What amazes me is the theoretical rotation rate. If I've done the math correctly, that 38/357 mentioned above with a 1 in 18.75 twist spins at over 30,000 rpm at a muzzle velocity of 800 fps. Worse, a 223 with a muzzle velocity of 3000 fps from a 1 in 9 twist barrel spins at 240,000 rpm.Always amazed me that bullets are at all stable in a handgun, especially a snub, with the bullet only making a small fraction of a turn.
200,000 RPM for a high power center fire rifle is typical.What amazes me is the theoretical rotation rate. If I've done the math correctly, that 38/357 mentioned above with a 1 in 18.75 twist spins at over 30,000 rpm at a muzzle velocity of 800 fps. Worse, a 223 with a muzzle velocity of 3000 fps from a 1 in 9 twist barrel spins at 240,000 rpm.
Somehow I can accept the muzzle velocities, but the spin rate just seems insane lol.
Thanks, that's pretty cool and I never thought about it that way. Just like I wanted to express rotation rate in rpm rather than rps because that's a real-world measure I think I "know".By the time the [above 38] bullet has traveled 25 yards, it only makes about (.19x30,720=5837/60=97.3) 97 rotations from the muzzle to the target. This number is a little easier to digest.
Yes, this can be true but it depends on the actual ammo. Most all 22 LRs have a 1:16 twist rate so when fired from a rifle, a normal high velocity 40 gr bullet will achieve a velocity of about 1250 fps. This spins the bullet at 56,250 rpm. In a 1:9 twist barrel, the same bullet will spin at 100,000 rpm, which close to the threshold where soft lead bullets can fly apart. Chances are ... a 40 gr bullet would still hold together but any lighter bullet (typical MV of 1280 fps for a 36 gr CCI HP) will likely fly apart. If you shoot a 32 gr CCI Stinger at 1650 fps, the 1:9 twist rate will spin the bullet at a whopping 132,000 rpm ... guaranteed to vaporize when it leaves the muzzle.22LR conversions in a high-twist AR15 can fly apart before they reach the target.
I've always thought that shortening a barrel would impact bullet spin; but apparently it generally doesn't ???dhom, Rifling twist rates are set by the manufacturer for the standard factory load. For a 45 Colt it would be a 255gr bullet @ 860 fps. A combination of twist rate and velocity will determine the bullet's spin rate, which in turn will determine bullet stability down range. The faster a bullet is driven, the lower the twist rate needs to be to maintain down range stability. Likewise, the heavier the bullet, the higher the twist rate must be.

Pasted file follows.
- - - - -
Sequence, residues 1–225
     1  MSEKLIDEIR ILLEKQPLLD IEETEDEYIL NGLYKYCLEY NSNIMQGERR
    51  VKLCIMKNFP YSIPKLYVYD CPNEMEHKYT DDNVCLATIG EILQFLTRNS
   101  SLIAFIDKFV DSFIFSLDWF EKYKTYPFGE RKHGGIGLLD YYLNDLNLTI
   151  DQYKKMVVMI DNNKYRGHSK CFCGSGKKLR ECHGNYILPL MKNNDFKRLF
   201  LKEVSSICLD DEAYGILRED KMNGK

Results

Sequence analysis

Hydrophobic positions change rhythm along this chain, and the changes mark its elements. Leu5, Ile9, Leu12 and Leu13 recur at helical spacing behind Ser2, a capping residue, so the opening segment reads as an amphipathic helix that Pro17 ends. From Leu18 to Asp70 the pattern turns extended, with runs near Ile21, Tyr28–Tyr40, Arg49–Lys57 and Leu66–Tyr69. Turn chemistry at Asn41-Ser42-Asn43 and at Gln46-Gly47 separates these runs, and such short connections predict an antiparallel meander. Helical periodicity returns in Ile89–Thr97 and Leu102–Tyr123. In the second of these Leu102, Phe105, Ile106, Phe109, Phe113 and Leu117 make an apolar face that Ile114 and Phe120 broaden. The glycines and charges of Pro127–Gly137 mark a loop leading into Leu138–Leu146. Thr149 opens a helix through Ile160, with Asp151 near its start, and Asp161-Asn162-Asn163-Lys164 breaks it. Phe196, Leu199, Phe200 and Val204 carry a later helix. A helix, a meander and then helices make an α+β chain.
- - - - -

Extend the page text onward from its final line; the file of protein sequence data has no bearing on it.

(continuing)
Just because a cartridge is capable of being loaded with a heavier bullet, it doesn't mean the bullet will stay stabilized down range. That said, handgun twist rates aren't near as "fussy" as rifles for two reasons. First, with rifles you expect the bullet to remain stable for 300 yards or more, however with a handgun, the typical shooting distance is much shorter ... more like 25~50 yards .... maybe 100 yards absolute maximum. Second, handgun bullets (especially 45 cal) are much larger in diameter than typical rifle bullets so they have way more gyro effect than a skinny little rifle bullet and will retain spin much better. As such, they will maintain stability with a much slower twist rate. A good example is a 38 Special and a 357 Mag. Both use the same diameter bullets and the same bullet weights yet the 357 Mag will develop much higher velocities. Nearly all 38/357 revolvers have a twist rate of 1:18.75, which will maintain bullet stability for nearly all .357 diameter bullets to at least 50 yards.
What MZ5 said. Let's assume a 6" barrel and a 2" barrel with the same twist rates were loaded with different ammo that produced identical velocities from both barrels. The bullet spin rate would be the same from both barrels, even though the shorter barrel would have less than 1/8 of a twist.I've always thought that shortening a barrel would impact bullet spin; but apparently it generally doesn't ???
I have a 1-in-9 Rock River and was looking into the simple conversion. Decided several things for myself, though YMMV:Wow - guys (and gals)!
. . . I was considering getting a .22 conversion (or .22 upper) for my AR, a 20" (1 in 9). After reading this, it seems like that might be a waste of money.
Or at least I'd have to get the heaviest .22lr ammo that I can find.